The Changing Religious Landscape And Future Of Southern Gospel Music

PF_15.05.05_RLS2_1_310pxThis week, the Pew Research Center released a new study/poll looking at the changing religious landscape in the United States.  The news actually hit all the media outlets and discussions were had on right-wing blogs and left-wing blogs.

I wanted to bring this study around to how it may affect the future of Southern Gospel music.  This study was compiled by Pew Research in 2014 and was the first study of its kind since 2007.  First, a few key points about the study.

  1. In a matter of seven years, those who identify as Christian in the United States dropped from 78.4% to 70.6%; that equates to roughly 5 million people.  These are individuals who may have once identified as Christian and now classify themselves as unaffiliated.
  2. The unaffiliated group consists of atheists, agnostics or those who consider religion ‘nothing in particular’.  The largest demographic to classify themselves as unaffiliated are millennials (those born after 1985).  It was also noted that more men than women are also part of the unaffiliated group.  This group also skyrocketed to second among all groups, surpassing those who classify as catholic or mainline protestant.  The unaffiliated group is now second only to those who classify as evangelical protestant.
  3. Evangelical protestants dropped from 26.3% to 25.4%.  This group (I am assuming) probably make up 90% of the Southern Gospel listener base.
  4. Forecasts are that another study in seven years could move unaffiliated individuals to be the largest group in the United States and those who classify as Christian to drop even further from the 70.6% found in this current study.

So, how does this effect Southern Gospel music?  Let’s take a look.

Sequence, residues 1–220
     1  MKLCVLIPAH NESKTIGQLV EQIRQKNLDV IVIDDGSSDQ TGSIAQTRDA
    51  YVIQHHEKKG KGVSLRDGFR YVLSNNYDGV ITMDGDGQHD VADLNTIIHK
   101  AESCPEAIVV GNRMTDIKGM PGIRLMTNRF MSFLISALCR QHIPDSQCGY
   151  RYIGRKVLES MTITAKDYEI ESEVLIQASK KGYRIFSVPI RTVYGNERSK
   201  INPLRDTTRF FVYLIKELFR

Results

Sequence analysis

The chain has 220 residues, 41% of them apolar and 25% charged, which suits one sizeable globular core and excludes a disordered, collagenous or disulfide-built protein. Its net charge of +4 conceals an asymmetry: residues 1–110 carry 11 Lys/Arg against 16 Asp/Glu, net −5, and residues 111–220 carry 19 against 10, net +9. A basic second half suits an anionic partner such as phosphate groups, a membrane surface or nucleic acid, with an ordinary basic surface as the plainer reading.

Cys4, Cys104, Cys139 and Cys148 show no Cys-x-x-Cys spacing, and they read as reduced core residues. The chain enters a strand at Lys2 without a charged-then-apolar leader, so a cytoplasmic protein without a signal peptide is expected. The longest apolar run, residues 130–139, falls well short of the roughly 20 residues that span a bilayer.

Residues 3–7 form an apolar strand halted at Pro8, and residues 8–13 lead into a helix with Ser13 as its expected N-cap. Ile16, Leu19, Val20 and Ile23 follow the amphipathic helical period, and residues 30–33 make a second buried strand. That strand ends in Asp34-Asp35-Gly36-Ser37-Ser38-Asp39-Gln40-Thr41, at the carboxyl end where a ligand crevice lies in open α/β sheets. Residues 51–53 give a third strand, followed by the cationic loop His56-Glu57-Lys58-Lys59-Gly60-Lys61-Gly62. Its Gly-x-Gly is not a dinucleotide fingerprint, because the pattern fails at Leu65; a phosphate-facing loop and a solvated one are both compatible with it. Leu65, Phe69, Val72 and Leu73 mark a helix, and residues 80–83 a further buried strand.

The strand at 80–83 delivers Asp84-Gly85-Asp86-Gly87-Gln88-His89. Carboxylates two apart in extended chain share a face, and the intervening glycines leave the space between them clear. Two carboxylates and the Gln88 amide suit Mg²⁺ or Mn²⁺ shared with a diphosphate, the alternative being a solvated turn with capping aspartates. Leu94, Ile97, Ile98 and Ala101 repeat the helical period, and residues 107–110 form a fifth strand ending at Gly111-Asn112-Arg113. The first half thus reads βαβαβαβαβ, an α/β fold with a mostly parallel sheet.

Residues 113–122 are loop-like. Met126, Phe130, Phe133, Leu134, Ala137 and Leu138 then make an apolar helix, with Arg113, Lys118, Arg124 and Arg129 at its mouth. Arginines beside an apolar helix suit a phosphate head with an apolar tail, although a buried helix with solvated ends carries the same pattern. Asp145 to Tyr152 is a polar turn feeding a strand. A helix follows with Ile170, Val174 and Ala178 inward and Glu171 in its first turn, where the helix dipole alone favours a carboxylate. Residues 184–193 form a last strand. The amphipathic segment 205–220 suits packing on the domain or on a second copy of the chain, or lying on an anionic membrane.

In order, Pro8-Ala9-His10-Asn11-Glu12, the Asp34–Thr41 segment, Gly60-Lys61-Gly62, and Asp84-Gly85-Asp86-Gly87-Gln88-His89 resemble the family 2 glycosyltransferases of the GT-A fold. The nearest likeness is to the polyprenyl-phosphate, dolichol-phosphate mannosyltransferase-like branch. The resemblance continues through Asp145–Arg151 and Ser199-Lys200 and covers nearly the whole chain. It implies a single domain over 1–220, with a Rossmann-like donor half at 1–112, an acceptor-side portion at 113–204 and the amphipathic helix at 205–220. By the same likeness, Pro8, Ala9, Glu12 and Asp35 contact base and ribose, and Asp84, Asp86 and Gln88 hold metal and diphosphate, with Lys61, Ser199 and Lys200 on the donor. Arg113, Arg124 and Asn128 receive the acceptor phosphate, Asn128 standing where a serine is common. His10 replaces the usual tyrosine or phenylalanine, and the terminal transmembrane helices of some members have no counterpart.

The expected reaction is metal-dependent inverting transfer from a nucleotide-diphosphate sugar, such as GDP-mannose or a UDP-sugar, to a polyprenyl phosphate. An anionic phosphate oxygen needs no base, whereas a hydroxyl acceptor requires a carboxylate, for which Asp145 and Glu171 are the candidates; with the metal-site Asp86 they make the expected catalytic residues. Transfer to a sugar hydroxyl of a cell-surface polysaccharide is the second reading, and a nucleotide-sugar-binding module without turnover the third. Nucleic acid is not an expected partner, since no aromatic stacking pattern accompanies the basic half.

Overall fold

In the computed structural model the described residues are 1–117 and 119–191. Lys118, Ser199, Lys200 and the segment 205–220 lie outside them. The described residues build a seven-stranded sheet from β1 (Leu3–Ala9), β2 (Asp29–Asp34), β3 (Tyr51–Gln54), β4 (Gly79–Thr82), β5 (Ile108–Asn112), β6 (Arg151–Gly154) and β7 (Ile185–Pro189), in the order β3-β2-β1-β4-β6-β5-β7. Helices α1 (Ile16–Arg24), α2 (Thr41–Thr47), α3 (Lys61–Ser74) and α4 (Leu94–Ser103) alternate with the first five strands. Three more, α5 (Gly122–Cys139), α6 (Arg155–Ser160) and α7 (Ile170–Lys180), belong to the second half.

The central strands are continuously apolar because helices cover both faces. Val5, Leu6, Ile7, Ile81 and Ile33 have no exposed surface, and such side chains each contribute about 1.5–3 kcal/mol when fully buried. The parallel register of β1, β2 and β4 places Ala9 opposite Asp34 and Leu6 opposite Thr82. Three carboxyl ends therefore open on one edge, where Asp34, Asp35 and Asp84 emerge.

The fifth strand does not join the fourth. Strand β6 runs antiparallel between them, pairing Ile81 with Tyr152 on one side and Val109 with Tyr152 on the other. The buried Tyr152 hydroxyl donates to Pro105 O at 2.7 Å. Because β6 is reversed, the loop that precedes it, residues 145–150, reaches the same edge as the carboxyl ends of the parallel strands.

1. As I mentioned above, those who classify as evangelical protestant probably make up at least 90% (if not more) of the Southern Gospel listener base.  Continued declines in this group will directly affect the number of individuals there are to attend Southern Gospel concert events.
  2. As demographics shift and the baby boomer generation passes, this could be the death knell for Southern Gospel music.

Is there anything artists can do to appeal to a wider audience (beyond the evangelical base)?

  1. Absolutely.  Bill Gaither has already been successful at this with his Homecoming events and his constant TV exposure.  For anyone that has ever attended a Gaither event, you know the audience is made up of more than just the evangelical denominations; as catholics and mainline protestants also attend.
  2. Artists can get back to the music/entertainment aspect of Southern Gospel music and allow the words to speak without all the ‘whipped up spirituality’.

Thoughts?  How do you see this shift in the religious landscape of the United States affecting Southern Gospel music or do you believe it will have any affect?


One thought on “The Changing Religious Landscape And Future Of Southern Gospel Music

  1. I know this is probably not going to be a popular viewpoint; however, I too was a huge lover of southern gospel (and still am to a point). I was one of those weekend warriors in a tri-state band. The reason I started branching away from SG is simply the lack of talent of the “performers”. I am not saying that there are not decent singers out there, but, in my opinion, the SG genre is loaded with singers that are mediocre at best. There are a few singers who are power house singers and can showcase their obvious talent and can actually sing on pitch. But those are the anomaly and do not represent the typical SG singer. Most of the SG “artists” are very much the singers that I would expect to hear on Sunday morning in any church across America. The only difference is that these people expect to make a living at doing what they don’t have the talent to do. Unfortunately, I do not intend to pay the price for an album or a concert ticket only to hear moderate singers who many times struggle to even stay on pitch….even on their albums!
    SG is on its way out, in my opinion, not because of the decline of church attendance (although that may be a part of it), I believe SG is on its way out because of the lack of vocal talent. I wont even speak to the point of having to pay to listen to canned music. Gaither has saved SG music in my opinion, but if SG does not start showing real solid talent, then Gaither only postponed the inevitable. If SG doesn’t wake up from the coma of talent less participants then the only thing left is to pull the plug. Sorry if I offend, but reality sometimes hurts.

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